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Like kings of old
He never talked about the president or the stories of people he didn’t know that they talked about on the news
I was fourteen the night he picked me up to haul hay. He’d spent the day building a sewing room for Grandma. He was tall, lean — alive. We talked a lot that night, lifting bale after bale; I had to tilt my head to the sky to see his face and toothy smile.
There was always a piece of straw between his teeth, always fresh. Most days were spent in a granary off main street, most nights at the farm managing water. Back then, we talked about water: when it was getting in; who would help it along; how we’d survive until it came back. He never seemed satisfied with how those conversations went, but his crooked smile underneath his crooked hat never faded.
“Only thing complaining does is make a bluebird turn yellow,” he’d say. It was hard to argue when he put it like that.
The town wasn’t a city yet. He’d drive his old red Chevy with blue doors down the road slow, stopping to drop a bag of potatoes or corn on a neighbor’s porch. Children ran to greet him, calling out his name. Parents were sure to let him know they’d be happy to pay, but he laughed off such absurd offers. Hugs and firm handshakes, this type of thing could go on all night.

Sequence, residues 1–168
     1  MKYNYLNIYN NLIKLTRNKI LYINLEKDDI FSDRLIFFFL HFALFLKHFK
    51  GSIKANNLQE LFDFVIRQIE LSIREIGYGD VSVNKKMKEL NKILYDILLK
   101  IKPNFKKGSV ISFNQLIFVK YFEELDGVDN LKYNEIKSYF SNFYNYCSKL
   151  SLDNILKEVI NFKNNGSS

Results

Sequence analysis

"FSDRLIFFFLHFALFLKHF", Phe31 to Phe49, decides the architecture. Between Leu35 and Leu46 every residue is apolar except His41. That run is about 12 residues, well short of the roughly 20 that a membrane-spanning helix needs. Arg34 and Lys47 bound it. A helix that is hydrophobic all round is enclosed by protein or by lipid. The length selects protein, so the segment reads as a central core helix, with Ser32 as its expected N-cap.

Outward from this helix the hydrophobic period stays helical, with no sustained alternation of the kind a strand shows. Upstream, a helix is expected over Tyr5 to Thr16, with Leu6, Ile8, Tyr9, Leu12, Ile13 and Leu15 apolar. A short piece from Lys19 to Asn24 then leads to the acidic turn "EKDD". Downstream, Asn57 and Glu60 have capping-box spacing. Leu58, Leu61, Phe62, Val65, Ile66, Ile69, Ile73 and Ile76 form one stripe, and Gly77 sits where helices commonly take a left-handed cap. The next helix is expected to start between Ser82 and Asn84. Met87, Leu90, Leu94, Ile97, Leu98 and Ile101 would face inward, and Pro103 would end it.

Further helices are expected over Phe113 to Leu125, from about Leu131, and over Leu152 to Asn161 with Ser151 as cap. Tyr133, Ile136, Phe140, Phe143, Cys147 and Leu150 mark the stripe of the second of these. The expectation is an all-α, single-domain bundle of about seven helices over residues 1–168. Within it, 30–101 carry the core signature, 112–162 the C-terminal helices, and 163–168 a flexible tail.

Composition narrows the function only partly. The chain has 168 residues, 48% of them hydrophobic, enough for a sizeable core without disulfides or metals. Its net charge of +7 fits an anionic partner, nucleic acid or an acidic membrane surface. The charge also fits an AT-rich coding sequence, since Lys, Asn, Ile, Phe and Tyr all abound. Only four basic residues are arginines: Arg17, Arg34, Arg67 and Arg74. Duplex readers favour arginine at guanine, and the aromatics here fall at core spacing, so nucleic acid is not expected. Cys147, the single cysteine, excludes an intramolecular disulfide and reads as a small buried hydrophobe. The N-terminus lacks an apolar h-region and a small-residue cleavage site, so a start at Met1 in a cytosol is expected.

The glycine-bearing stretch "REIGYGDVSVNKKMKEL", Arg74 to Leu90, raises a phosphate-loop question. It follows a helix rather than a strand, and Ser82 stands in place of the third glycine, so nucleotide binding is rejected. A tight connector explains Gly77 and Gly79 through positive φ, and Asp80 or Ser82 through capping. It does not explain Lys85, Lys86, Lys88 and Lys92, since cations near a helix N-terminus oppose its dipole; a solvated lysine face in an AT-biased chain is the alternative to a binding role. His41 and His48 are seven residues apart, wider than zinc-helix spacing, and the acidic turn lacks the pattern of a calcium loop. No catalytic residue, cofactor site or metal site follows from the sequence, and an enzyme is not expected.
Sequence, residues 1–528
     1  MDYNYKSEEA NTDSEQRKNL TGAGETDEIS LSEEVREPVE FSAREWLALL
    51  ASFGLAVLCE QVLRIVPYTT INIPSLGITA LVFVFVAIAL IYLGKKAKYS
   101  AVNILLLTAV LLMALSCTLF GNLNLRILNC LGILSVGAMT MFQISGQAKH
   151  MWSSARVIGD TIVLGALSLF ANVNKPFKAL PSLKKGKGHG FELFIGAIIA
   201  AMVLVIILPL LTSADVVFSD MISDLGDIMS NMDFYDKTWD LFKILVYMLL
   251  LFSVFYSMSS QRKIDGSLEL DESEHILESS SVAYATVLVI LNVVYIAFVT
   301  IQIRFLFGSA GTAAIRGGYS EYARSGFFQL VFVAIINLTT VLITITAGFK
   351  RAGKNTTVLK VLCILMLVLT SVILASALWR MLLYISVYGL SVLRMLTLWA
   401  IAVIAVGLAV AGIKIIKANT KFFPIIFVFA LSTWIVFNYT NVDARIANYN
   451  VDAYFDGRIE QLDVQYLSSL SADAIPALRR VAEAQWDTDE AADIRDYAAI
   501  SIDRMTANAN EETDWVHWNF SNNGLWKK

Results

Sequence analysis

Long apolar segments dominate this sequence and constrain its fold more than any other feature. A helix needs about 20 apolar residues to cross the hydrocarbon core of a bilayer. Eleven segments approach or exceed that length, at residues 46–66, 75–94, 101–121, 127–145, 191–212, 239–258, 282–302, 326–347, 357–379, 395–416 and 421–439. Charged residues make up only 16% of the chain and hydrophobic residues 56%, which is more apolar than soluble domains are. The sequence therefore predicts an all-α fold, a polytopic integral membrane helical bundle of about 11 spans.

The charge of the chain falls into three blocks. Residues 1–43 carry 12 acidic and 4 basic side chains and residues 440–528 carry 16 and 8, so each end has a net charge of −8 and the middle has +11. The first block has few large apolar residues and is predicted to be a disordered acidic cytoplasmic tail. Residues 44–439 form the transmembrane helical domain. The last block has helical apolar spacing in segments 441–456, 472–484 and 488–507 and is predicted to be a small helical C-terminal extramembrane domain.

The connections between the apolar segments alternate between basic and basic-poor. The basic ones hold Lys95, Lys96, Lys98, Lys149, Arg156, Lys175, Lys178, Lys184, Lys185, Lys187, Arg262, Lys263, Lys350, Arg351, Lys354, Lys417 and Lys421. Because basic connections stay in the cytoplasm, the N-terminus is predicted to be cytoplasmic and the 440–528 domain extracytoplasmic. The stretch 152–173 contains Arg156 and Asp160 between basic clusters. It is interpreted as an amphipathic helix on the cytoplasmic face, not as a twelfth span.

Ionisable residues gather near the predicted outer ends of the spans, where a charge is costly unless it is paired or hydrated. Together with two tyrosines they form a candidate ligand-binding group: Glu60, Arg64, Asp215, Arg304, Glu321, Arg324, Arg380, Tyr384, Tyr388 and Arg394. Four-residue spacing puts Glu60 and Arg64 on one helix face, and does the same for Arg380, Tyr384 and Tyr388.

He’d save our house for last. Sometimes Grandma would come along, and there’d be an extra bounce in his step. He’d ignore Mom’s stern warnings about not getting us too wound up, but — come to think of it — he never got in trouble. We were sad every time he left, even Mom.
He never talked about the president or the stories of people he didn’t know that they talked about on the news. He only wanted to talk about family, fishing, and who needed help. That, and water.
There was never enough water.
I wasn’t one to jump at the opportunity to haul hay. He stopped by while the N64 was burning up from playing Goldeneye all day. Mom said to turn it off and do house chores or go to the farm with Grandpa. Those were my choices.
When he dropped me off back home after the sun faded, I got out of his old red Chevy with the blue doors and heard him say, “I’ll be by tomorrow night with some fish and biscuits, then we’ll fill our bellies like the kings of old and never want for anything again.”
He died the next day in a car accident on his way home from fishing. Dad and I went to the crash site to look things over and found his wallet. We brought it back to Grandma. The whole town showed up for his funeral, where the local VFW did the honors.
Everyone knew his name.